In the Biblioteca Publico Piloto, no videos were available, and the only newspaper articles that we found on Aranjuez and Comuna 13 at the earliest, dated back to only the early 1990s. In the Sala de Antiquoia, we found a huge thesis on Aranjuez, but we were not allowed to check it out or photocopy it. In the library at the University Nacional, the librarian presented us with a few books on the history of Medellin in general, with nothing specific to what we were looking for. The video archives were closed off to the general public because it was the summer and most of the audiovisual material that she could find us dealt solely with the violence of Medellin and were in VHS form.

In this arduous process of research, I realized how important this Historical Memory Project is and why we are doing it. At times, it may not be as tangible as some of the other DukeEngage Projects, especially because we may not see the results right away. However, making information about Medellin that is accessible, presentable, and unbiased in a medium that everyone can comprehend is something that few have done before. In this way, we are pioneer historians, paving the road for future documentarians. I hope that by telling this untold story of Medellin, I can add to the existing and scant archive of knowledge and make it easier for the next generation to find accurate information about this extraordinary city."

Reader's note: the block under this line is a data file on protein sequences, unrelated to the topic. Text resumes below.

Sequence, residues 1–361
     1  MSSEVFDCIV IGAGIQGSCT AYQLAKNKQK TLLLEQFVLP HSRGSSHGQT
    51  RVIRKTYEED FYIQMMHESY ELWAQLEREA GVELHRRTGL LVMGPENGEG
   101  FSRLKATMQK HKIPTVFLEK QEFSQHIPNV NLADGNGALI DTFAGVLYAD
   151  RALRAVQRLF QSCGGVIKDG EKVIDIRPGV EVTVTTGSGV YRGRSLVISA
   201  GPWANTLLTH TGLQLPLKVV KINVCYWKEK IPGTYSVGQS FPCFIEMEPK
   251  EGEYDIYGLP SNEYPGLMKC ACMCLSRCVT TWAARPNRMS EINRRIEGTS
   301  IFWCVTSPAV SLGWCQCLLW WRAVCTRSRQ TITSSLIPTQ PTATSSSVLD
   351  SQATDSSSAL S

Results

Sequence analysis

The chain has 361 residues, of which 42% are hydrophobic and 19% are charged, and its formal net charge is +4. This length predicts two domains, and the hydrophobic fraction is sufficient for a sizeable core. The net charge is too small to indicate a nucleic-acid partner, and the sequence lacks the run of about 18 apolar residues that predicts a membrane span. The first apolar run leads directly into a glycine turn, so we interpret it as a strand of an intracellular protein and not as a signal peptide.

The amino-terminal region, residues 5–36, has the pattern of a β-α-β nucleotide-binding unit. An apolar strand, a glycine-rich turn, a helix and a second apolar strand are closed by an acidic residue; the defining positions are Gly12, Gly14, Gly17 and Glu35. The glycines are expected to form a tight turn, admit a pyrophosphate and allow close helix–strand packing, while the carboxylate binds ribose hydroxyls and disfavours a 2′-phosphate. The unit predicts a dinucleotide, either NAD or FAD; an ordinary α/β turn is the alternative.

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Living Here

Tuesday, July 28, 2009
Whether it's being the newest hija/o of host moms, falling in love with Carlos E Restrepo, or discovering something new about the lifestyle here, simply living in Medellin itself is one of the most remarkable experiences.

"The Morning Ritual
Half asleep, I can feel the sun streaming into my room. The fruit man is shouting in the distance about piñas and aguacate. I can hear Merce, my host mom, chattering away on the phone in the living room. She speaks so fast that I cannot understand a word she’s saying.

I get out of bed and walk to the bathroom, waving hi to Merce as she continues to talk. By the time I brush my teeth and get dressed, there’s breakfast waiting on the table. The firsrt week or two, breakfast was pretty predictable. A big plate of fruit and a little bowl of what look like ChocoPuffs. Either Merce really likes papaya or she thinks I really like papaya because the fruit is usually lots of papaya with some other fruit mixed in. Or sometimes it’s just papaya. I pour my milk-in-a-bag into my cereal, hoping that I don’t get strawberry milk like I did one time last week. Instead, this time I get lactose-free milk by accident because Angelica, one of the boarders living in my house, is lactose-intolerant.